The isolated/segmented routing architecture can be extended to the VPC design, for example the design shown below, a private subnet in each AZ associated with the TGW to provide internal backend connectivity to the other AWC VPCs/On-prem where a network interface is created automatically per AZ for the attachment VPC subnet with the TGW, while the VPC routing tables used to control how to route the traffic within the VPC.

Similarly, the connectivity can be terminated into different routing domains/tables of the TGW to provide isolated routing among different VPC. this can be used for some security inspection etc. type of design using some virtual appliances for traffic passing between different security zones/VPCs.

Since the AWS TGW can act as the connectivity aggregation point, services VPC(s) that provide specialized functions such as security inspection, SDWAN etc. can be moved from Transit VPC architecture to be connected as a service VPC to the AWS Transit GW as shown below. considering multiple VPN tunnels offer high aggregate bandwidth with the ability of the TGW to support multiple tunnels from multiple virtual appliances (horizontally scalable).

This requires the virtual appliance to support, VPN, BGP and Source NAT.  SNAT helps with stateful instances to ensure return traffic use the same path/appliance. While BGP dynamic routing with VPN dead peer detection help to maintain HA and handle failover among the different tunnels/virtual instances.

If VPN tunnel or BGP, is not an option from the virtual appliance, the ENI can be used for the TGW VPC attachment, however, it will lose the ability to detect route or peer failure that was done by BGP over the VPN tunnel as it has not built-in health check mechanism. Also, from performance point of view, this means there will be almost always one TGW attachment per AZ, and traffic will not be distributed evenly across instances as ECMP requires multiple learned routes over multiple paths with the same cost over BGP to work.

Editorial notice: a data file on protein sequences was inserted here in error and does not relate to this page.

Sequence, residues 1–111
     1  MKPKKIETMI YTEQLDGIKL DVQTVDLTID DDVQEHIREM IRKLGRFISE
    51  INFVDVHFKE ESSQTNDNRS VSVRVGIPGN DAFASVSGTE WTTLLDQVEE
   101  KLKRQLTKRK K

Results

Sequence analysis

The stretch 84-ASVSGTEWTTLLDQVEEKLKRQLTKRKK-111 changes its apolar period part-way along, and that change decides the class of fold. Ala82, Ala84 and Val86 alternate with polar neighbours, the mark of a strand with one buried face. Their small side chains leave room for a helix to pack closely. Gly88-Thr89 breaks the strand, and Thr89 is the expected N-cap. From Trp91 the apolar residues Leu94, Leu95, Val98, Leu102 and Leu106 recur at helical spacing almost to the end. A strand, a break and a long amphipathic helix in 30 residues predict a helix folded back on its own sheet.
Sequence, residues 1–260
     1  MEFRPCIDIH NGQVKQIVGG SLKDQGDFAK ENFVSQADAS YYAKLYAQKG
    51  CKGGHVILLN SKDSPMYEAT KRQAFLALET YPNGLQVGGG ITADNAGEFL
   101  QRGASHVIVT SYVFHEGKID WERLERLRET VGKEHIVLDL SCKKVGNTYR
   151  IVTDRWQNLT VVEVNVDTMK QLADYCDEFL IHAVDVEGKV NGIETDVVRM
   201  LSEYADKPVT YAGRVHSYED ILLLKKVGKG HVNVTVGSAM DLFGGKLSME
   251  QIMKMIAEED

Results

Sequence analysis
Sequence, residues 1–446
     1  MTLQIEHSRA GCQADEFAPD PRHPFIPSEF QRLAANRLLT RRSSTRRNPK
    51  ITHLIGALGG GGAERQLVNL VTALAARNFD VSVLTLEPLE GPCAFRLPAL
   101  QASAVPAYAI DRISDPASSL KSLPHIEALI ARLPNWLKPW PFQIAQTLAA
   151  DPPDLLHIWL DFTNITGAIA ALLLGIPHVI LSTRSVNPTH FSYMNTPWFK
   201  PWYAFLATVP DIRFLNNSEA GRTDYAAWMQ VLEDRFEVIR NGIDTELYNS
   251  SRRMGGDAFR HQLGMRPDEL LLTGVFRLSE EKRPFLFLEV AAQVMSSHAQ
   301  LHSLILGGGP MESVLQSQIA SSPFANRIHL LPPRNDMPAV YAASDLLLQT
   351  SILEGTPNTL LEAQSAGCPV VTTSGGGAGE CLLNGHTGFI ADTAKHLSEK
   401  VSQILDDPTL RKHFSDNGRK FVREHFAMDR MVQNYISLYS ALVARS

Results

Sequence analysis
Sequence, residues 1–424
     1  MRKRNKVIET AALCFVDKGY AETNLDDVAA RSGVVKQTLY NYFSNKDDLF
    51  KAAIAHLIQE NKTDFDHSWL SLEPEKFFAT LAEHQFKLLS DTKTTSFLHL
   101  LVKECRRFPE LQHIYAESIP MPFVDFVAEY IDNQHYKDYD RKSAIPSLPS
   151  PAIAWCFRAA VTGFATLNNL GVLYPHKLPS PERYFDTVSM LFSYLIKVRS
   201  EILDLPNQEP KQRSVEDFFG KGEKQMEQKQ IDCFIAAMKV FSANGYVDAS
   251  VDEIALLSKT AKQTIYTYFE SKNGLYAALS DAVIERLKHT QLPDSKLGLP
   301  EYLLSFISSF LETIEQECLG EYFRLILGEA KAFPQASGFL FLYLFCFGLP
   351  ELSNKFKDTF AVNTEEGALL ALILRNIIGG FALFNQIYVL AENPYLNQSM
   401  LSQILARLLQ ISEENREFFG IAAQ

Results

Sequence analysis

Note: the termination of the On-Prem connections can be done at the TGW for simplicity as the aggregation point, and by using multiple routing tables, traffic routing can be controlled to pass through the inline services VPC, as shown below

According to AWS, AWS is partnering with Cisco and other vendors for TGW edge services.

Let’s look at these different VPC design options, and think about it like an architect, to decide when to use what (the info in the table below are generic to a certain extent, you will need to do more deep dive into each aspect when making the design decision for a real solution)

  Direct Full/partial mesh Transit VPC Transit GW
Scale Very Low Low to medium Very high
Performance VPN 1.25G per tunnel VPN 1.25G per tunnel VPN 1.25G per tunnel with ECMP may go beyond 50G
Security Encryption with IPsec

Segmentation limited options

Encryption with IPsec

Segmentation using virtual appliances as the hub VPC

Encryption with IPsec

Segmentation options are flexible (routing tables, virtual appliances, shared services/security VPC etc. )

Manageability The larger the scale the more complex to manage The larger the scale, the more complex to manage ( increased number to tunnels etc. ) Single management plane of the different routing domains and routes propagations
Flexibility Limited Intermediate to high depends on the scale and design requirements High
Interrogability Limited at scale ( difficult to integrate and control routing and secure segmentation at scale) High, centralized VPC can provide centralized integration and shared services etc. Very high, single aggregation point for routing and segmentation, integration with the specialized VPCs (security, SDWAN, shared services etc.)